"53" is the magic number that NFL teams must whittle their offseason 90-man list down to before the start of the regular season. Every year a player who seemingly has no shot of making the cut comes out of nowhere and wins a spot on the Pittsburgh Steelers final 53-man roster. We've seen it happen in recent years with players such as Roosevelt Nix and Tyler Matakevich.
And we're likely to see it happen again this season.
The Steelers have a rock solid roster with very few holes, but there are some dark horses who aren't being talked about and could end up making the Steelers final 53.
Here are a few of those early candidates to make the cut.
When the Steelers spend money in free agency, they don't often make a big splash with a high-profile signing. Regardless, the team has a tendency to retain those free agents signed early in the offseason.
However, this trend could be bucked with wide receiver Justin Hunter.
Hunter is made in the mold of a wide receiver the Steelers covet. They love players with the combination of his speed and size. But like the other players on the roster who fit that mold: Martavis Bryant, Sammie Coates, and Darrius Heyward-Bey, Hunter is an inconsistent player with unreliable hands. It's hard to picture Hunter making the 53-man roster with the abundance of talent the Steelers have at the position.
Yet the Steelers signed him for a reason. They must see some potential in Hunter. He could be insurance for any of the players listed above, primarily Coates and Heyward-Bey. These two players were used primarily for special teams in the latter half of the 2016 season, and that is where Hunter will have to shine if he hopes to make the 53.
While not a major amount of money in terms of the salary cap, cutting Heyward-Bey would save the Steelers about $1 million in cap space. If Hunter can prove to have a team-first mentality, be a solid contributor on special teams, and show the potential that got him drafted in the second-round years ago, there could be a spot for him on the 53-man roster.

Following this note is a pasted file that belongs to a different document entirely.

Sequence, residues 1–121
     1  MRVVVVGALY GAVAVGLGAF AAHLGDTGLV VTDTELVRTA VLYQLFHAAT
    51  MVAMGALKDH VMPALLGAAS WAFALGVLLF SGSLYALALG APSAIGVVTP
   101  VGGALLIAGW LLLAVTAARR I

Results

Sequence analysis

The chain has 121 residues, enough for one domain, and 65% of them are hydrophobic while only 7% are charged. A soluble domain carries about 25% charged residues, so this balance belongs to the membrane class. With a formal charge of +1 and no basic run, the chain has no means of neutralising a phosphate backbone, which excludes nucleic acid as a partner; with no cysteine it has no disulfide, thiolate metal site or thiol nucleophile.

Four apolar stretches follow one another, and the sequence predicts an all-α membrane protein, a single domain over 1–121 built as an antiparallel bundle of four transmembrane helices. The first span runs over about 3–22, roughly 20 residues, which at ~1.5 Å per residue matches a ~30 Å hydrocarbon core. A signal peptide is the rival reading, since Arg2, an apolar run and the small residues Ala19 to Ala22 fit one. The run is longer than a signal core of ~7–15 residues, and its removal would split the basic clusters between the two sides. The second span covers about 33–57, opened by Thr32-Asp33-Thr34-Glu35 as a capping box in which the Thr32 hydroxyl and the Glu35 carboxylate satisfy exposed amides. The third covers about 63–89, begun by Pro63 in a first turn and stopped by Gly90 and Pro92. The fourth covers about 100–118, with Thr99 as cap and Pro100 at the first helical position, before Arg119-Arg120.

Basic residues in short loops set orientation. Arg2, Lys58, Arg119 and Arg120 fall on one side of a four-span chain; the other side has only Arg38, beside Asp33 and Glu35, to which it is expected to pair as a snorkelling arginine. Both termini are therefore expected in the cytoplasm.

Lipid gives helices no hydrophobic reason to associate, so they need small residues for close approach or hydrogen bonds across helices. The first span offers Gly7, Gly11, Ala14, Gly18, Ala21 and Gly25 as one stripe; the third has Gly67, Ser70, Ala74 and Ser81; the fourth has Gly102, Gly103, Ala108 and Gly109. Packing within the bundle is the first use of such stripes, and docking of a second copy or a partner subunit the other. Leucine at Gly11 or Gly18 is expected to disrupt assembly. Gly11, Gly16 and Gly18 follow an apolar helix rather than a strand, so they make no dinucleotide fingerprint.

Seventh round picks are almost always flyers. They are boom-or-bust players who, more often than not, don't have long NFL careers (if they make a roster at all). Outside linebacker Keion Adams is different than the normal seventh round flyer. He isn't like Gerod Holliman years ago who lacked the physicality or mindset for football.
What made Adams fall is his apparent lack of size, but as we've seen before, size can be overcome. Adams fits well as a 3-4 outside linebacker and has the athleticism to develop into a solid player. While he seems like the perfect type of player to sit on the practice squad for a year to develop, I wouldn't count him out on making the 53-man roster.
The roster spot Adams will likely be fighting for is the one belonging to veteran linebacker Arthur Moats. Moats has been a great Steeler during his tenure in Pittsburgh, possessing a perfect team-first mindset and being a solid contributor. But given the Steelers depth at the position and his capped upside he appears expendable.
With the Steelers looking to sign some big contracts over the next year or two, the roughly $2 million in cap money that could be saved from cutting Moats could be appealing. Moats is also entering the final year of his contract. Moats' role could be replaced by Anthony Chickillo, who overtook Moats' starting job last season.
Chickillo could also be expendable, as he too enters the final year of his contract. While Moats was a spot starter in place of the injured Bud Dupree in early 2016, Chickillo was mostly a special teams player who saw a small portion of the outside linebacker snaps. When Dupree returned, that rotation disappeared entirely.
Either of those players could be moved out or could stay if another position is trimmed to make room for the rookie from Western Michigan. Adams wouldn't be expected to play on defense in 2017, but if he flashes his athletic potential and impresses on special teams, the Steelers could decide to give him a roster spot.
The tight end position is one where the Steelers don't have an abundance of depth. They did not address the position at all in the draft.
While Ladarius Green, Jesse James, and David Johnson all appear to be roster locks, the player on the hot seat is Xavier Grimble. This leaves the door open for undrafted free agent Scott Orndoff to fight for a roster spot. Grimble has flashed talent, but he's never proved to be a consistent player. He's a journeyman tight end who's played for four different teams before arriving in Pittsburgh.
Grimble has been labeled as an athlete, but when comparing his testing numbers to Orndoff they're fairly similar. Orndoff was brought in for a pre-draft visit by the Steelers, proving they had an interest in him prior to the draft. At Pitt, he was primarily used as a blocker but had some success as a receiver. He only caught 35 passes his senior season, but averaged 16.5 yards per reception and finished with five touchdowns.
The Steelers have always liked physical tight ends with size and the ability to block. Orndoff fits this bill to a "T". Being a better blocker than Grimble and a similar, if not better athlete, Orndoff's upside could land him a spot on the 53-man roster.